“There is a very strong philosophical underpinning that comes out of the ideas of the enlightenment and the empowerment of the individual,” Turner believes. “To take that grounding, put it into laws that are agreed to by governments all over the world, and implement those laws to improve people’s lives is intellectually engaging, but it’s also about harnessing and restricting power for the betterment of humanity as a whole.”
For Skylar Lawrence ’08 (MA), her connection to the Middle East began when she was in eighth grade and her father served as a Fulbright scholar in Cyprus. She travelled extensively and fell in love with the region. She returned to do her master’s capstone research in the West Bank and then served as project manager for Dr. Alon Ben-Meir, an academic who facilitates track-two dialogues in the Middle East, and coordinated Dr. Ben-Meir’s campaign to promote the Arab Peace Initiative.
After moving into fundraising with the Jewish Community Center in San Diego, Lawrence is now the director of donor development for American Near East Refugee Aid (ANERA), which works with refugees and poor families, including Palestinian and Syrian refugees and their host communities through health, education and economic development, and provides emergency response assistance.
Lawrence says that one of the most rewarding parts of her work has been the opportunity to visit ANERA’s programs in Lebanon and Palestine to see their impact in person. A touching example is the ANERA’s Gaza Land Restoration Project, which helped farmers in Khan Younis restore fields that had been destroyed by Israeli artillery fire. Tilling the soil, fertilizing and getting proper seeds and irrigation, the farmers deeply appreciated the way that ANERA staff really listened to their needs and acknowledged that the farmers would know best what was needed. To build sustainability, ANERA provides a yearlong mentorship that trains farmers to build their capacity so that the project’s effects continue when ANERA finishes its work.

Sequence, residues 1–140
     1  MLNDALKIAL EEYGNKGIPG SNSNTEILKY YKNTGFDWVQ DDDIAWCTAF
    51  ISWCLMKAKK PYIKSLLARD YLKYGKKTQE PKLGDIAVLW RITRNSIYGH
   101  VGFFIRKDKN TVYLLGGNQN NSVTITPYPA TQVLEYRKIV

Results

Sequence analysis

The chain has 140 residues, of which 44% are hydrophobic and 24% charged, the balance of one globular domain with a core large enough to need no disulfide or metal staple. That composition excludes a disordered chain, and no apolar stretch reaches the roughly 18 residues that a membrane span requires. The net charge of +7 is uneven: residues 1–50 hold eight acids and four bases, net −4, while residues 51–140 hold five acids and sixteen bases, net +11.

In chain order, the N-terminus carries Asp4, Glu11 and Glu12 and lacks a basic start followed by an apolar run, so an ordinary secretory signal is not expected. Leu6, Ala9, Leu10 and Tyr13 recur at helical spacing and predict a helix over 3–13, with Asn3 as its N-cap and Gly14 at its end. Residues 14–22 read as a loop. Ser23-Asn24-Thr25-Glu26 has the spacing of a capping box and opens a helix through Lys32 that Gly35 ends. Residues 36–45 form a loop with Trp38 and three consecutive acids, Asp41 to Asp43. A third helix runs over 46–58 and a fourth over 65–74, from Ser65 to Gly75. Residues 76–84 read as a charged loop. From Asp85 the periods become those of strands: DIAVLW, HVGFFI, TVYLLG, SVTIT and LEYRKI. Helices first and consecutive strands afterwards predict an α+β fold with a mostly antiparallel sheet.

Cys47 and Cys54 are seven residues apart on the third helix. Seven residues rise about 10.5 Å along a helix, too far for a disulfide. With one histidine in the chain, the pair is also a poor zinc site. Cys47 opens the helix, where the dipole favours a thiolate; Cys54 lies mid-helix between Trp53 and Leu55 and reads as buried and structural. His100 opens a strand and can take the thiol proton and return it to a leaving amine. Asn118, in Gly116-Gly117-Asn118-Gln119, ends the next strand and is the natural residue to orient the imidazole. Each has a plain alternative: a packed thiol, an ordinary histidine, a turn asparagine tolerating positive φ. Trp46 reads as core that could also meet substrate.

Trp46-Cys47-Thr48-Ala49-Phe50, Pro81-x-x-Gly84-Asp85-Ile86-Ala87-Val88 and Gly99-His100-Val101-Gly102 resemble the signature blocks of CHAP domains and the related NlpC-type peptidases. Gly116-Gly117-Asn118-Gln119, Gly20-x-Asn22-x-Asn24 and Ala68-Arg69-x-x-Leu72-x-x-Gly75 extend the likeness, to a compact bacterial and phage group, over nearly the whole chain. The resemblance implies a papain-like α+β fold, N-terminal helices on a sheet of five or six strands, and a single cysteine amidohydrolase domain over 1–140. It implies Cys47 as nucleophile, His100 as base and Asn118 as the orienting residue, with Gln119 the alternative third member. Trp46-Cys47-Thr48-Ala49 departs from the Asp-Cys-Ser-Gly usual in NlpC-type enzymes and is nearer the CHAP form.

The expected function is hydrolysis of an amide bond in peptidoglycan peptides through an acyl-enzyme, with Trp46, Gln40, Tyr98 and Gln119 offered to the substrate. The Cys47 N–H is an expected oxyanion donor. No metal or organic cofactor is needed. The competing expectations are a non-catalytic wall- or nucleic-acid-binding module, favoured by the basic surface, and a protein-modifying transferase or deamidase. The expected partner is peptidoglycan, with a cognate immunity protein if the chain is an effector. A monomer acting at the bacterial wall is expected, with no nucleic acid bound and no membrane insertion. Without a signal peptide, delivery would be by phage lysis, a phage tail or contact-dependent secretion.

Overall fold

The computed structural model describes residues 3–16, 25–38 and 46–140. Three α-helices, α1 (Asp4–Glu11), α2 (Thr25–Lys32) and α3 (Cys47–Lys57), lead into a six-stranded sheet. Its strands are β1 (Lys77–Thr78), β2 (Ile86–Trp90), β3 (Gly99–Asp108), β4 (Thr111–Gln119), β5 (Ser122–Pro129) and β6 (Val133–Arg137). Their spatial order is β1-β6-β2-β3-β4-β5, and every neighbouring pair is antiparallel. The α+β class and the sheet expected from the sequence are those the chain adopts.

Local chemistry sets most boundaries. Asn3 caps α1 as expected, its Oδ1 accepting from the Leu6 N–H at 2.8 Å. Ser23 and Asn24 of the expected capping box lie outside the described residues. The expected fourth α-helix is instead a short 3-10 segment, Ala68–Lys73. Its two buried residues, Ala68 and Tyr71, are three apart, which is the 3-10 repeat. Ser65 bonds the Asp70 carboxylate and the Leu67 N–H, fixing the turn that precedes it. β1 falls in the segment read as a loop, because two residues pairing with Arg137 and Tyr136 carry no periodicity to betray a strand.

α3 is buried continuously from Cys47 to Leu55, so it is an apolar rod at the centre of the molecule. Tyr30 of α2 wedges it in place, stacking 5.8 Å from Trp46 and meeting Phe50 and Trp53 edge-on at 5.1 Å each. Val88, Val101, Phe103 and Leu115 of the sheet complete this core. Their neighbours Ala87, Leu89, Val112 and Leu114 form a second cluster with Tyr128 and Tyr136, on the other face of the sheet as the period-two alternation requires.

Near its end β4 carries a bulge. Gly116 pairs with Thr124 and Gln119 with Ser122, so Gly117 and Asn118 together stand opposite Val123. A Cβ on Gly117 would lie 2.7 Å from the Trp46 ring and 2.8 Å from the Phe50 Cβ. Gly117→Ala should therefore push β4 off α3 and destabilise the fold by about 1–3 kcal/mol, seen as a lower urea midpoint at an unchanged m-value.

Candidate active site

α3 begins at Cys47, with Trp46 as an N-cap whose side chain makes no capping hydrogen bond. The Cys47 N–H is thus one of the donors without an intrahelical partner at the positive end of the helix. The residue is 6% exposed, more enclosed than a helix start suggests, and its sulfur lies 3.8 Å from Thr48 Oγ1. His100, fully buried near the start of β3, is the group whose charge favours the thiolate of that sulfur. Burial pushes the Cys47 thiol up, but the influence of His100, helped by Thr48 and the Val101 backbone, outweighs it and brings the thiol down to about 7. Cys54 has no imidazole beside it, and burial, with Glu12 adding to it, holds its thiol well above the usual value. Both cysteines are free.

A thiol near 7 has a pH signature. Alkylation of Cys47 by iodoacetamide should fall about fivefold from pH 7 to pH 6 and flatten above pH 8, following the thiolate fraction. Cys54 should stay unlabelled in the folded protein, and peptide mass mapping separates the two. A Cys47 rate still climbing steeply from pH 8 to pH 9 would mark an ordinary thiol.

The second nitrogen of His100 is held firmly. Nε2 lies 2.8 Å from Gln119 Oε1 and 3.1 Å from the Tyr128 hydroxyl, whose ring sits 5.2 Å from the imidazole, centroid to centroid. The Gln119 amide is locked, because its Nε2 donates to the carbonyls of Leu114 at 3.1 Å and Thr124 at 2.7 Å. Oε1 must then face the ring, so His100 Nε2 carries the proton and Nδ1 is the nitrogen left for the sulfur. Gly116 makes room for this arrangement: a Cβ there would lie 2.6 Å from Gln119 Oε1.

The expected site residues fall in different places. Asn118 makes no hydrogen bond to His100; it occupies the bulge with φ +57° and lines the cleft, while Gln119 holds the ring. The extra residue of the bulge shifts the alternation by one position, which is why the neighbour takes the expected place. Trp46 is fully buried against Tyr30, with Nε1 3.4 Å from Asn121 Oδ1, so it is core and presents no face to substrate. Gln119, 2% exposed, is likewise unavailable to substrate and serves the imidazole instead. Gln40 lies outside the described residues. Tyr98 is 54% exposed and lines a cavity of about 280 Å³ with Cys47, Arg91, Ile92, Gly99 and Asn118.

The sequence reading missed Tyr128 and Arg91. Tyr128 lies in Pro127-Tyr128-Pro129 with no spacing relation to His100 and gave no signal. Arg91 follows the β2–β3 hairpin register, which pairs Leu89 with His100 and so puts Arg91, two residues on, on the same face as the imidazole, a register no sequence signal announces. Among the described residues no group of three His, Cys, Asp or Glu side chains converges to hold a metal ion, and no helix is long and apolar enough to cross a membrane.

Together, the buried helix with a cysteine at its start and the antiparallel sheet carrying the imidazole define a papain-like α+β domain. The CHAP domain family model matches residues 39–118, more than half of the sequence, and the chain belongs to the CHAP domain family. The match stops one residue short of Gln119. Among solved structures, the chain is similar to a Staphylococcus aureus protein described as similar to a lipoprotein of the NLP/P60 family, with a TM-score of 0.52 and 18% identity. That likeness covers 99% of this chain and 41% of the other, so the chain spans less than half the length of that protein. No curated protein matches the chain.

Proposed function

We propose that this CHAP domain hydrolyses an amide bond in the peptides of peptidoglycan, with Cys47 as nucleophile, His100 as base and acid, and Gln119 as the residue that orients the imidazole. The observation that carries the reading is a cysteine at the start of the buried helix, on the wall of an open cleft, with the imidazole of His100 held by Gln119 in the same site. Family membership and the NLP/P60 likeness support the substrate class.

Lawrence remembers having tea with a farmer in his potato field, speaking through a translator, and seeing the pride that he and his family took in their successful new crop.
“After the first harvest of the restored farmlands, the farmers were so grateful for their bounty that they delivered boxes of extra produce to families who were still displaced after the 2014 war,” recounts Lawrence. “They called their deliveries ‘From Poor Farmer to Poor Family.’ I was deeply moved by their incredibly beautiful gesture of generosity and solidarity.”
As Pope Francis said during his U.N. talk, “In wars and conflicts there are individual persons, our brothers and sisters, men and women, young and old, boys and girls who weep, suffer and die.” Kroc School alumni see in their work every day that there are also men, women and children who make great sacrifices to find a way out of conflict, to preserve their families, and to build new lives from the ashes of war.
“Our long-term goal is a society where everyone feels they are valued equally, lives and choices are respected, and people have equal access to resources to live their lives with the freedom to pursue their aspirations,” says Dadkhah. “That’s the ultimate goal.” — Diana Kutlow ’03 (MA)
The author is the director of development and alumni relations at the Joan B. Kroc School of Peace Studies.